“The Risk Modelling and Strategic Decision Making for Index Insurance” Technical Workshop

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More than 50 participants from 13 African nations gathered in Accra, Ghana, from May 1-5, 2017 to attend a regional workshop focusing on the fundamentals of risk modeling for index insurance and to discuss a wide array of agricultural insurance topics. “The Risk Modelling and Strategic Decision Making for Index Insurance” workshop was organized by the Global Index Insurance Facility (GIIF), in collaboration with African Reinsurance Corporation.

Managed by the World Bank Group’s Finance & Markets Global Practice, GIIF provides smallholder farmers, pastoralists, microentrepreneurs, and microfinance institutions with access to finance through the development and implementation of index-based insurance. The workshop was part of GIIF’s capacity-building initiatives, designed for public and private stakeholders in the agriculture insurance sector.

Two main materials provided the foundation for the workshop, which began with a session on managerial decision-making tools for named peril index insurance: Emerging Guidelines for Underwriting and Portfolio Management and Risk Modeling for Appraising Named Peril Index Insurance Products - A Guide for Practitioners. Co-authored by Shadreck Mapfumo, GIIF Senior Financial Sector Specialist and the workshop’s lead instructor, the second publication recently became available online on the World Bank’s publications site.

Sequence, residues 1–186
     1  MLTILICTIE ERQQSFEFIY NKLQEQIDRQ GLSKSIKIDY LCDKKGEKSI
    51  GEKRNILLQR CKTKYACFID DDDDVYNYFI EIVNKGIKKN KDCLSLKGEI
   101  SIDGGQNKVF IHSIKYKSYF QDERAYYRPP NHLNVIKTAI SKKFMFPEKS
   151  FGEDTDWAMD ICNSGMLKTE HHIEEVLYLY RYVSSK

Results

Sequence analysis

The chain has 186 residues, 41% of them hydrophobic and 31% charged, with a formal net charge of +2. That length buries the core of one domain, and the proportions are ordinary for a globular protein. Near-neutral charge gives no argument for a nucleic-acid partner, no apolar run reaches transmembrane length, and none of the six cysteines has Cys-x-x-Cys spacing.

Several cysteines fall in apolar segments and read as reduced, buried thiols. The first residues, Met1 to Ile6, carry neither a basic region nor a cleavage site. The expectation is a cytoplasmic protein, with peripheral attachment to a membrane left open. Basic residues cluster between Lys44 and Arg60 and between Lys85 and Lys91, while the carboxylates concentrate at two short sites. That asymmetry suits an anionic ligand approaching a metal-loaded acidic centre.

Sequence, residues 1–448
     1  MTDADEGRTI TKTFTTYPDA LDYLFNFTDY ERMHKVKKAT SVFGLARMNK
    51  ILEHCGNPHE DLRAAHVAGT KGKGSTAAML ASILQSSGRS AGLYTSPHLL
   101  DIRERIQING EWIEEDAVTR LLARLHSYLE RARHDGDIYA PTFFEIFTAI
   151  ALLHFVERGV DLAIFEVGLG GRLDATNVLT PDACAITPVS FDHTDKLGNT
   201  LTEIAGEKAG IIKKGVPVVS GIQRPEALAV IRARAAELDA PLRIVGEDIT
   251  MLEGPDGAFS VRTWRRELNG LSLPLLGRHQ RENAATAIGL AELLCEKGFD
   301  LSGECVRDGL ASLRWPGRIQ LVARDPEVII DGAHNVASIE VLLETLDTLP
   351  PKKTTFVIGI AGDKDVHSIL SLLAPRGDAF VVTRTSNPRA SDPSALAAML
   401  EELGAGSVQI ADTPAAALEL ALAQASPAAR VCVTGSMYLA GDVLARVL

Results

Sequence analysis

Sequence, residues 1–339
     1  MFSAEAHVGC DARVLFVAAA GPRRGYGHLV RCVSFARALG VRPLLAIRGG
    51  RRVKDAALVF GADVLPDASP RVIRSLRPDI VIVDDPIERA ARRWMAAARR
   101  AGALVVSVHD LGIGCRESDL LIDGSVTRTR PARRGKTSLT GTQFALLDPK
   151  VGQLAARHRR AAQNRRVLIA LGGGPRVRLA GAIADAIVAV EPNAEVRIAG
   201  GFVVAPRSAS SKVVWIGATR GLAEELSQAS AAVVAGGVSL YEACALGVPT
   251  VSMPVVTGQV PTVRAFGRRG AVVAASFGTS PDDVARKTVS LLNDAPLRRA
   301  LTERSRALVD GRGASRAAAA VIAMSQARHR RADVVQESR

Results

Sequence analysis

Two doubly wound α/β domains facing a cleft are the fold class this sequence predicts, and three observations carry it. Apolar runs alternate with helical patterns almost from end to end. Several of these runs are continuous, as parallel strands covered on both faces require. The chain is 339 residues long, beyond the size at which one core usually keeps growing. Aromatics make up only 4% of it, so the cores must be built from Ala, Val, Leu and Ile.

The following portion of the workshop entailed rigorous technical capacity-building activities that allowed participants to deep dive into Excel formulas, term sheet evaluations, product design, and insurance pricing.

Apart from classroom sessions and presentations, the workshop brought together industry participants from different backgrounds and various countries – including Burundi, the Gambia, Ghana, Kenya, Liberia, Mozambique, Nigeria, Rwanda, Sierra Leone, South Africa, Tanzania, Uganda, Zambia – to learn from one another’s experiences. These participants also worked within their assigned groups and presented their findings to others, making discussions vivacious and interactive. The group exercise was so invigorating that some teams stayed and continued working on their case even after the end of the day.

 “This workshop allowed not only knowledge sharing between the trainer and the participants but also the exchange of knowledge among members. The conversations continued even after the training hours. I encourage further training of regulators as this will allow them to understand the risks and benefits of index insurance,” said Christian Henning, Actuarial Specialist from South Africa’s Financial Service Board.

The importance of innovative insurance and capability-building to Africa’s agriculture sector was highlighted in a press release for the event. “The agriculture sector is a critical part of most economies in Africa and protecting farmers and agribusinesses from weather-related risks is critical, especially as the impacts of climate change become more pronounced,” said James Seward, Practice Manager for the World Bank Group’s Finance and Markets Global Practice, Africa region. “High-level training helps develop the skills to create new and innovative index-based insurance products in the regional market, which in turn will increase insurance penetration to rural and low-income markets in Africa.” 

Okpo Bernard A.J. from Nigeria’s National Insurance Commission echoed the viewpoint: “The training is useful and timely because in Nigeria we are working on the approval of an index insurance product. Our country invests heavily in agriculture; it would be important for the development of index insurance to support our agricultural programs in the country.”

"The insurance industry needs more of this kind of capacity building activity, added Sainabou Jallow-Gaye, CEO of Takaful Insurance in the Gambia. “I think it will be useful as well to organize country specific workshops because I think we should look at index insurance development through the lens of country’s economic development of agricultural sector. “